The surrounding areas of Chiatura town are abandoned and look post-apocalyptic, which makes for a nice place to explore. Most of the factories nearby were abandoned and stripped following the collapse of the Soviet Union and Georgia’s civil war.
Also found in Chiatura district, Katskhi Pillar is a natural limestone monolith rising up 40m high. There is a small church and clergy house atop the pillar built in 2009 that overlook the surrounding river valley. Unfortunately, the church does not allow visitors, although the site is magnificent even from below.
Located in Baghdati district, Sairme Resort boasts the longest zip line in the country. Measuring 800m long, the zip-line features a steel rope cable hung with a pulley that allows people to have fun sliding between two remote points. Visitors can also enjoy the spa facilities at Sairme Resort.
Located in Vani district, Vani Archeological Museum holds most of the archaeological discoveries from the site of Vani. A Gold Reserve preserves the unique pieces created by the ancient goldsmiths of Vani. The exhibition also displays architectural materials, along with unique bronze figurines and fragments.
The Borjomi-Kharagauli National Park stretches between the towns of Borjomi in the Samtskhe-Javakheti region, and Kharagauli, in the Imereti region of Georgia. One of the largest national parks in the country, it also includes 4 other municipalities: Akhaltsikhe, Adigeni, Baghdati and Khashuri.
The national park is unique for its diversity of landscapes, historical monuments, and rich flora and fauna. Visitors to the park can enjoy an array of outdoor activities including hiking, horse riding and bird-watching. The park is also famous for its mineral water springs found in Borjomi.
Kutaisi weather is characterized by warm humid summers and cold wet winters, with the city experiencing both oceanic and continental climates. The best time to visit Kutaisi is between May and September when temperatures are warm and pleasant and there is little rainfall.
April is an ideal time to visit Kutaisi and enjoy some exploration. During this season, the weather is pleasantly warm. The month of May is even better as the weather is moderately humid and perfect for outdoor activities.
Celebrated on 2nd May each year, Kutaisoba is the most important holiday in Kutaisi. Locals gather in Central Park with family and friends, with many coming dressed in chokha, the traditional Georgian clothing. They barbecue, play games and participate in various martial arts contests such as Georgian wrestling. Many kinds of performances are held such as traditional Georgian music and dance.
The months of June through July are the best time to visit Kutaisi. At this time of year, the air is slightly humid making Kutaisi weather perfectly balmy. This is the best period for hot-weather activities such as taking a road trip, walking or cycling. This is also the high season for tourism in Kutaisi.
The month of October is the peak season for tourism in Kutaisi. At this time of year, temperatures are high and humidity is low, creating the perfect climate for sightseeing. November is ideal for going on delightful afternoon explorations of Kutaisi.
December and January are cold with slight humidity, which makes Kutaisi weather feel even colder than usual. It is therefore recommended that you pack layered clothing. Kutaisi often experiences heavy snowfall in winter, although the snow cover does not typically last more than a week.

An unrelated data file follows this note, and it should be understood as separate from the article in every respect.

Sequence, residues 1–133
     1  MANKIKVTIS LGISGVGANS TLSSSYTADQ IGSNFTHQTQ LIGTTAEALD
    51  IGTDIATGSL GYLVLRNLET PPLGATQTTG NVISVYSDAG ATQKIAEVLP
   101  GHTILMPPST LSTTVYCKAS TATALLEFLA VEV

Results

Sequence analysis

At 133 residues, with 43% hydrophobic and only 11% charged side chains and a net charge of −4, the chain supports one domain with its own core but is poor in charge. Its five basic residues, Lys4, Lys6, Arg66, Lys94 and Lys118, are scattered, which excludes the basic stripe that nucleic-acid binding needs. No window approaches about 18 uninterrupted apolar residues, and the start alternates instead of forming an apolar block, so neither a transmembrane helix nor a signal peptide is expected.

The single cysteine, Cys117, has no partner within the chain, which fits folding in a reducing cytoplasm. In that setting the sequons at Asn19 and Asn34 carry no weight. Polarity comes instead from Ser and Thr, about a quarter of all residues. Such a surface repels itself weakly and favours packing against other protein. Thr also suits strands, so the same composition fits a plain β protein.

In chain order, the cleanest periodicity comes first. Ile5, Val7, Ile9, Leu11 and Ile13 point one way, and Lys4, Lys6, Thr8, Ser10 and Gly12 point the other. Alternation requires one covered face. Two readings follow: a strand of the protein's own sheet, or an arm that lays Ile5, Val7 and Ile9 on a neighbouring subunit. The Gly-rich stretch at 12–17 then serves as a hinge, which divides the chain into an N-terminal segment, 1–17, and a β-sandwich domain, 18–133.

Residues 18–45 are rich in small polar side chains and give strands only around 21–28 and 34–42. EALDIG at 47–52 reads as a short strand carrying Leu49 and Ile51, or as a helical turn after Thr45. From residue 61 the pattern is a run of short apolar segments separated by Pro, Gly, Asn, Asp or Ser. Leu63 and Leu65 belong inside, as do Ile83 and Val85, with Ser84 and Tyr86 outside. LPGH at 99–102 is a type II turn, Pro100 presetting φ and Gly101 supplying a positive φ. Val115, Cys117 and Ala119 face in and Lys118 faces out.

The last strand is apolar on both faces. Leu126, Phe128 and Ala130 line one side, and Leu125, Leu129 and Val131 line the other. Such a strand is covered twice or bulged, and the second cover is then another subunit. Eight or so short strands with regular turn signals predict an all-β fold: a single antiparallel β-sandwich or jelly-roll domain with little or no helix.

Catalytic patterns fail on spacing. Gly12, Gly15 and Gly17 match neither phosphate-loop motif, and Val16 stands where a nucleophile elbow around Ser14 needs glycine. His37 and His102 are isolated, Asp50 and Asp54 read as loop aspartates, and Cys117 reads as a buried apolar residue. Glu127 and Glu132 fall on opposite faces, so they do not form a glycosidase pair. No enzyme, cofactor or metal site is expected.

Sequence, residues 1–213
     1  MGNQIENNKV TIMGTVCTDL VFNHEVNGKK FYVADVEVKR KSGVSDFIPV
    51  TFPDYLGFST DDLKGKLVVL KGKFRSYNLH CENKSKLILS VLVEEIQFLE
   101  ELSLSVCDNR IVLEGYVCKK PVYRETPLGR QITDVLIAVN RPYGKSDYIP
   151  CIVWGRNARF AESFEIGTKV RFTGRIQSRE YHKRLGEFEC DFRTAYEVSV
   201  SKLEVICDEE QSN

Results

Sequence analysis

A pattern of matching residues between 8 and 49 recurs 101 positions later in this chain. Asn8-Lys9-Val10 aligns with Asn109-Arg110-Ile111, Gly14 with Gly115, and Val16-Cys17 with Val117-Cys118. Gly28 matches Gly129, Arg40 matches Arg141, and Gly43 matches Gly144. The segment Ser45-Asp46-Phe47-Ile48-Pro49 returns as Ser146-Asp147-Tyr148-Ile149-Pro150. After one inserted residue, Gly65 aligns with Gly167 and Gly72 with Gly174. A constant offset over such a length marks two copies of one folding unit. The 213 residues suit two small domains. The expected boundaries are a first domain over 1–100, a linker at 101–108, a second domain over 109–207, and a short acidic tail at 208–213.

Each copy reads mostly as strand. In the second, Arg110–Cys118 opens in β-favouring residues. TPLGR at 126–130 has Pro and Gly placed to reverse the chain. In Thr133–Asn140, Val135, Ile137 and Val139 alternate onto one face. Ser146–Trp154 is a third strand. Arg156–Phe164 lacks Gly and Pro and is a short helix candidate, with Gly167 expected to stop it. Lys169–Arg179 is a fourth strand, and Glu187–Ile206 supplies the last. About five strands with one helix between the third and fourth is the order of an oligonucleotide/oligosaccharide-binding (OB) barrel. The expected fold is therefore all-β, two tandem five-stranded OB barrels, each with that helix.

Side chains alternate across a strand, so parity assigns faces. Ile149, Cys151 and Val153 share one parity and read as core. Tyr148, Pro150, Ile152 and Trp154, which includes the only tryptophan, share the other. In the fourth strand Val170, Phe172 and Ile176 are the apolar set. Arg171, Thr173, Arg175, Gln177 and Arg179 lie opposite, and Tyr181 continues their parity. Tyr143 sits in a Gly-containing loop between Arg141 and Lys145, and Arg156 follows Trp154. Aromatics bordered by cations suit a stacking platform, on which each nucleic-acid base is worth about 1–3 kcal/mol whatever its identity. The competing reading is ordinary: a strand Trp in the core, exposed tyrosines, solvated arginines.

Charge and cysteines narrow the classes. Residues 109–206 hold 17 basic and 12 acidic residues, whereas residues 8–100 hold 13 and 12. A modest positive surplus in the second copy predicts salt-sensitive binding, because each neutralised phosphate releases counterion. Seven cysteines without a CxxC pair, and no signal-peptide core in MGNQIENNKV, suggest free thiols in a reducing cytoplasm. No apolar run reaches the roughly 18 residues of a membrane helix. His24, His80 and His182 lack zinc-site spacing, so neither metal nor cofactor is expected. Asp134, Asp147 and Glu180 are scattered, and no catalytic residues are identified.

In recent years, accommodation options in Kutaisi have greatly expanded. Travelers can now enjoy an array of new hostels, guesthouses and hotels that keep popping up. Thanks to the fierce competition, prices at Kutaisi hotels and vacation rentals remain affordably low.
Historically, Kutaisi was located along the ancient Silk Road which resulted in the region developing its own distinct Georgian cuisine. The city center has a decent selection of pleasant cafes and small Kutaisi restaurants where travelers can try the delicious Imeretian cuisine.
Different regions of Georgia produce diverse types of wine, and Imereti produces the most delicate and unique types of grapes. In Imereti, Georgian wine is made using the ancient UNESCO-listed wine-making technique. The most popular Imeretian wines are Tsitska, Tsolikouri or Otskhanuri Sapere.
Most travelers who come to Georgia begin their trip in Tbilisi, moving around the country from its capital. However, because Tbilisi is located a few hours’ drive from attractions in the west of the country, Kutaisi is a more convenient location from which to begin your trip around Georgia.
Located 14km west of Kutaisi, David the Builder Kutaisi International Airport is the main airport in the region. Kutaisi airport is one of Georgia’s three international airports. It is the country’s main hub for low-cost airlines with flights to Tbilisi, Batumi and other major cities in Europe and beyond.
The cradle of ancient civilization in Georgia, Kutaisi is today a beautiful and charming town. In addition to its own array of worthwhile attractions, it provides the perfect base for exploring the Imereti region. With so many fantastic things to see and do, you may very well end up staying much longer in Kutaisi than planned.
Accommodation in Kutaisi hotels fills up fast, so be sure to book in advance with our tour company. If you prefer to drive around Kutaisi, we have a modern fleet of rental cars available for hire. We also offer Georgia tour packages from Kutaisi that include private transfers to and from Kutaisi airport.
Even better, create your very own custom vacation package that includes the specific places you want to see and things you want to do in Kutaisi. Fancy a vacation in an ancient Georgian town? Order your custom tour package to Kutaisi today and be dazzled by one of Europe’s oldest cities!